(Previously “C-Scheme”) A Scheme implementation by the MIT Scheme Team (Chris Hanson, Jim Miller, Bill Rozas, and many others) with a rich set of utilities, a compiler called Liar and an editor called Edwin.
MIT Scheme includes an interpreter, large run-time library, Emacs macros, native-code compiler, emacs-like editor, and a source-level debugger.
Latest version: 7.7.1, as of 2002-06-18.
MIT Scheme conforms fully with R4RS and almost with the IEEE Scheme standard. It runs on Motorola 68000: HP9000, Sun-3, NeXT; MIPS: Decstation, Sony, SGI; HP-PA: 600, 700, 800; VAX: Ultrix, BSD, DEC Alpha: OSF; Intel i386: MS-DOS, MS Windows, and various other Unix systems.
See also: LAP, Schematik, Scode.
Usenet newsgroup: news:comp.lang.scheme.c.
Mailing list: email@example.com (cross-posted to news).
[mich-er] /ˈmɪtʃ ər/ noun 1. Marc Andrew, 1887–1947, U.S. naval officer and aviator.
[Sephardic Hebrew meets-vah, mits-; English, Ashkenazic Hebrew mits-vuh] /Sephardic Hebrew mitsˈvɑ, mɪts-; English, Ashkenazic Hebrew ˈmɪts və/ noun, plural mitsvoth, mitsvot, mitsvos [Sephardic Hebrew meets-vawt, mits-; Ashkenazic Hebrew mits-vohs] /Sephardic Hebrew mitsˈvɔt, mɪts-; Ashkenazic Hebrew ˈmɪts voʊs/ (Show IPA). English, mitsvahs [mits-vuh z] /ˈmɪts vəz/ (Show IPA). Hebrew. 1. . [Sephardic Hebrew meets-vah, mits-; English, […]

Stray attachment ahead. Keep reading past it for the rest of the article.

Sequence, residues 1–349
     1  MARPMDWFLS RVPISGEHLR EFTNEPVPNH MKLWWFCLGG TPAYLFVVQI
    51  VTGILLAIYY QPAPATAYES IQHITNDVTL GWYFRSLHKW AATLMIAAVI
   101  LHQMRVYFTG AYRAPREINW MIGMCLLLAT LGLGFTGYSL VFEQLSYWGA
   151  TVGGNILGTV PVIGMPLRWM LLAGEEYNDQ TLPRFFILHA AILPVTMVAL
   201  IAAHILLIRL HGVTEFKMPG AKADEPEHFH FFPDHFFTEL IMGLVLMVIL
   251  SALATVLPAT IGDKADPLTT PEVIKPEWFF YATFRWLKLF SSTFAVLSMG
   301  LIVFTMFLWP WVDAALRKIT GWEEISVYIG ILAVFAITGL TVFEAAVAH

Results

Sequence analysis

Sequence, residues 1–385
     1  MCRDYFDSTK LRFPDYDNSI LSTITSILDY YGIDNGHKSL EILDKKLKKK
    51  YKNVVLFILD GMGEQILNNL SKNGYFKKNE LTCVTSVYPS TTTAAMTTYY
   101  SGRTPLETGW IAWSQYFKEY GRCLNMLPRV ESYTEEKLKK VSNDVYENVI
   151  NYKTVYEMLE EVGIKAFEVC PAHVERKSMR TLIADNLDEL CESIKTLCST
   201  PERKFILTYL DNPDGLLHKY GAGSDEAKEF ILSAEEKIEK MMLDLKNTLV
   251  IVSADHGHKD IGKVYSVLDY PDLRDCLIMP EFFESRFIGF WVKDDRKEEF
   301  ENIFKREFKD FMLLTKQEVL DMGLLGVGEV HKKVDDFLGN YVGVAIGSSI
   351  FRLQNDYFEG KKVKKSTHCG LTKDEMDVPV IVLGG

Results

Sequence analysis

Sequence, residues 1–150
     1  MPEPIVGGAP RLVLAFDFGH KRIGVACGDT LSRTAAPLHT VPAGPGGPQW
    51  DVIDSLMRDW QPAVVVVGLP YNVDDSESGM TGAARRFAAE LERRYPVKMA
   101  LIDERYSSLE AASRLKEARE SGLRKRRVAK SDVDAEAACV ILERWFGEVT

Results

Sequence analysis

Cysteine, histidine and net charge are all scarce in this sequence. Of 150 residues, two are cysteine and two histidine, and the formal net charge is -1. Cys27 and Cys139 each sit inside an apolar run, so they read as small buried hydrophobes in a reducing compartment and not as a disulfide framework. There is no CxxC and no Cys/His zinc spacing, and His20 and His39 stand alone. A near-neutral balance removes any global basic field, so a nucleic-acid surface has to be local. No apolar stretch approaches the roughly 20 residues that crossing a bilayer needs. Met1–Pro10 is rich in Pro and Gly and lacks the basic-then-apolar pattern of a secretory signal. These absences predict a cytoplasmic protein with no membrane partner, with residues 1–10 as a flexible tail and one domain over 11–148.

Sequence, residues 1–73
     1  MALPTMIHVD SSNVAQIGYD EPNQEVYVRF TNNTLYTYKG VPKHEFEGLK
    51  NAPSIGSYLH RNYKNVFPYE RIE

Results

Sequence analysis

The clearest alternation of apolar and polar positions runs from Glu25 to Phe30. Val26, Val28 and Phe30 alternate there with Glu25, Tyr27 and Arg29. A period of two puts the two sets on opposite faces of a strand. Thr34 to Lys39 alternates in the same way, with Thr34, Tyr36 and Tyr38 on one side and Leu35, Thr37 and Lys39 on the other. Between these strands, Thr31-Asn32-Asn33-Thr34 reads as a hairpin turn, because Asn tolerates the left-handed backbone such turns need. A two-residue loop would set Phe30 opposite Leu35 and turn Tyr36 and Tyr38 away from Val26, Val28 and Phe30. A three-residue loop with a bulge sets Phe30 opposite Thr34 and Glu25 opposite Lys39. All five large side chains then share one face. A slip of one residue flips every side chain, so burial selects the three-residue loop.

[mit] /mɪt/ noun 1. Baseball. 2. a mitten. 3. Slang. a hand. 4. a glove that leaves the lower ends of the fingers bare, especially a long one made of lace or other fancy material and worn by women. 1. (in prescriptions) send. /mɪt/ noun 1. any of various glovelike hand coverings, such as one […]
[mit-tahg-lef-luh r] /ˈmɪt tɑgˈlɛf lər/ noun 1. Magnus Gösta [mahng-nuhs yœ-stah] /ˈmɑŋ nʌs ˈyœ stɑ/ (Show IPA), 1846–1927, Swedish mathematician.